A dalmation giving me the side-eye

I’ve read three books in the last couple of weeks to do with creative writing: On Writers and Writing, Margaret Atwood; The Writing Life, Annie Dillard; About Writing, Gareth L. Powell. With everything going on in my life, the only way I’m going to write is if I have a clear purpose and a plan. This is always true I suppose, but I’ve seen several plans dissolve in the face of reality, and now I’m wondering if the problem is more in why I write than how I’ll write.

Almost all writers have to work in a job and write in their precious spare time. A few have enough money saved, inherited or earned by well-paid partners to allow them to give their writing full attention—hell a tiny proportion actually survive on income from their writing!—but this is rare. Margaret Atwood points out that as writers, our time is forever split between the imaginary worlds of our stories and the physical world of family, chores, jobs and our health.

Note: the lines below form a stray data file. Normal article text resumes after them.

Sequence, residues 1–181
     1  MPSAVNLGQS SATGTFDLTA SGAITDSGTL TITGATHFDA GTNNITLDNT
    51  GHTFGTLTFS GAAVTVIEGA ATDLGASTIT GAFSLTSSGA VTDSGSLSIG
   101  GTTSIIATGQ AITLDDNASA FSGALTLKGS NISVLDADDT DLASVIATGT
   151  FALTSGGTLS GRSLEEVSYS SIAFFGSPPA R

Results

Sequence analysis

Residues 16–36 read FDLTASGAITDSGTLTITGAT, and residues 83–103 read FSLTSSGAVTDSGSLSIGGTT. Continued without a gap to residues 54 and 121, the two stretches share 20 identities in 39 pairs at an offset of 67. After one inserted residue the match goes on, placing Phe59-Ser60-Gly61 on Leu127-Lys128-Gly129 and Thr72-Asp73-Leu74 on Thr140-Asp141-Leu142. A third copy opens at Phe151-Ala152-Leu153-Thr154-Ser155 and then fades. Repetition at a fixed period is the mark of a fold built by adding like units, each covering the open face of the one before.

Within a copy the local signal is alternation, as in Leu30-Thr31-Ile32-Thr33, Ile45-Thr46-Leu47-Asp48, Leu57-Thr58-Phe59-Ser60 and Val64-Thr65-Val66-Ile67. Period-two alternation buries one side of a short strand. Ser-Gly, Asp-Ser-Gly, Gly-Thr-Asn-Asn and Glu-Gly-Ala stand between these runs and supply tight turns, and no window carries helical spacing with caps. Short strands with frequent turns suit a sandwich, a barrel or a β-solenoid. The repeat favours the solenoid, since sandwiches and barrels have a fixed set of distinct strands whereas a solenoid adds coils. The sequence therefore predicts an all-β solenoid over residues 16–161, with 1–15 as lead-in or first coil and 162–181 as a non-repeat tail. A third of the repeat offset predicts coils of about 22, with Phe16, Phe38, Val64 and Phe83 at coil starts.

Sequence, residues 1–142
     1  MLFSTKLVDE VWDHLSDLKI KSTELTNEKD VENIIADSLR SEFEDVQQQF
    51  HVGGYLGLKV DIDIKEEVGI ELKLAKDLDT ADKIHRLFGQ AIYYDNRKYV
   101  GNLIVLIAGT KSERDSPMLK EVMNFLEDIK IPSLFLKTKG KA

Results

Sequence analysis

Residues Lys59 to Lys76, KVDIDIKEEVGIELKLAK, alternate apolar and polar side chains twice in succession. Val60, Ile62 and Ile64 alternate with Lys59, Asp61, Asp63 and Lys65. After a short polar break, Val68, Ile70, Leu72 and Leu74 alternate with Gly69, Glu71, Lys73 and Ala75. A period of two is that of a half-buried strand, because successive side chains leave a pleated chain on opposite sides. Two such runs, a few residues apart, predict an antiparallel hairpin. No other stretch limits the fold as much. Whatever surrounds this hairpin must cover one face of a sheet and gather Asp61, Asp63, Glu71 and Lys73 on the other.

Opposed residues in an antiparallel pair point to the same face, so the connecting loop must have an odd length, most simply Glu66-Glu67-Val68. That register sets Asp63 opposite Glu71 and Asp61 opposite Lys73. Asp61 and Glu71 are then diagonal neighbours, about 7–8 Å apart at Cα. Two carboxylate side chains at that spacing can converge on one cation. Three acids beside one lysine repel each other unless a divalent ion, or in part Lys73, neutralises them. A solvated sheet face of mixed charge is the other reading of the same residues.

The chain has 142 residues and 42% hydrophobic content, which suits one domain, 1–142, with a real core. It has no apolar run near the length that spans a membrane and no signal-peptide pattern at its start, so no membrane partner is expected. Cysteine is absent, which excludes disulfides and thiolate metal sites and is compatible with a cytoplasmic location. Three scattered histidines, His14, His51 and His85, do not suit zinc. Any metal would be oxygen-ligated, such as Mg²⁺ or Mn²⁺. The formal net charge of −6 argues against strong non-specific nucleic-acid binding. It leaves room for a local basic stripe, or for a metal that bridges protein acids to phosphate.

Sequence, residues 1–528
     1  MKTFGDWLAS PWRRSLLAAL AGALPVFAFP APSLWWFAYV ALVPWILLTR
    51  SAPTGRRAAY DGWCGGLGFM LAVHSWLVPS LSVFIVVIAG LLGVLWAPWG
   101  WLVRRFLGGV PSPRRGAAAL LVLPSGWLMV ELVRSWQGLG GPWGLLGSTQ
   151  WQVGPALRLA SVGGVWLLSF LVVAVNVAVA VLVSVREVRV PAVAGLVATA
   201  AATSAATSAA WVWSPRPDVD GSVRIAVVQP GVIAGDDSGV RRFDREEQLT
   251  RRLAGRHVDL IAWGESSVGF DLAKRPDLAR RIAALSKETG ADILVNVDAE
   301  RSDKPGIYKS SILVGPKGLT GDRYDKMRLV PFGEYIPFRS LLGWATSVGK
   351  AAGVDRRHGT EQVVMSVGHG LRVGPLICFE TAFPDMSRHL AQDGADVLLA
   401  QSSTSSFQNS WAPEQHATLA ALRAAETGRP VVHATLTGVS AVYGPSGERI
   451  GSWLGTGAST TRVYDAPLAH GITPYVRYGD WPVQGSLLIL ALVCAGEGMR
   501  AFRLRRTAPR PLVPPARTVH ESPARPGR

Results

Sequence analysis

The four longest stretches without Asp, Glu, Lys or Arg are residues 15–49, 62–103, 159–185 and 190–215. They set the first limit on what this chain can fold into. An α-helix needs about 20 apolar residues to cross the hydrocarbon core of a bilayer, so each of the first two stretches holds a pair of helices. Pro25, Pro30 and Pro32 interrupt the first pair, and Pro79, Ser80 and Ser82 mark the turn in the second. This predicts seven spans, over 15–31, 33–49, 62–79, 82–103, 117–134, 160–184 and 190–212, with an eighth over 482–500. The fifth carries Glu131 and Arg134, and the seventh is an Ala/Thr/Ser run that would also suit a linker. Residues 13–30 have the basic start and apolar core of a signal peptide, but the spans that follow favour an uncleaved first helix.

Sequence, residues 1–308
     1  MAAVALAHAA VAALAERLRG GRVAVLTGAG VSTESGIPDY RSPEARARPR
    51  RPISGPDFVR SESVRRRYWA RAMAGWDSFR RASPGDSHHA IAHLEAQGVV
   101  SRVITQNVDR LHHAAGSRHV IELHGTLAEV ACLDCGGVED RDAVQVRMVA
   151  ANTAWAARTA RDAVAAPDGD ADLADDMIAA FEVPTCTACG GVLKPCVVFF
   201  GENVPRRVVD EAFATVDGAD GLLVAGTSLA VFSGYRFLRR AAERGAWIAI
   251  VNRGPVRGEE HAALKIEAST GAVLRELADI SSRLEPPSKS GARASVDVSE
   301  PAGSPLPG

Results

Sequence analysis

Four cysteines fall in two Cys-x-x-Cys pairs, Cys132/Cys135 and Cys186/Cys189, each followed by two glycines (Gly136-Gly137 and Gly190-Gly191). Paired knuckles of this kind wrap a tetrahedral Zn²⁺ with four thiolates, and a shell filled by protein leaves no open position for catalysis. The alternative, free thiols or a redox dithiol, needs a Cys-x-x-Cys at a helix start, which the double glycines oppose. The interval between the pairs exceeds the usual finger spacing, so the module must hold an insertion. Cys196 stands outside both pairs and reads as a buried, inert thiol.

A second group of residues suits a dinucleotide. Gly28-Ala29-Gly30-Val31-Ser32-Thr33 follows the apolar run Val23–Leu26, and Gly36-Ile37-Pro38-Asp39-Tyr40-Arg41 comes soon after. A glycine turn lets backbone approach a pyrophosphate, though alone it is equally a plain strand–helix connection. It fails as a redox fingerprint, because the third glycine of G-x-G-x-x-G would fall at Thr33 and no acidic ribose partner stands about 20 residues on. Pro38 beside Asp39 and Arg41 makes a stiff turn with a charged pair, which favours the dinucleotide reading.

On Writers and Writing is full of wisdom. For example, she says writing is a permanent record of our talent (or lack of it), so of course it can be hard to start. Like a musical score, it is brought to life by a reader, and we each have someone inside who we are writing for, whether we know it or not. That could be a memory of a parent figure, a lover, a course tutor, or some version of God.

I realised that for me writing is a spiritual act; it’s an act of nature and an expression of myself. Magazines have editors who accept or reject stories. Creative writing courses have tutors to provide feedback. The publishing game has agents. It’s easy to give these people too much power. Publishing needs gatekeepers, but writers need to own their shit and write for themselves. Writing is a spiritual act, a soulful activity, if done with the correct attention.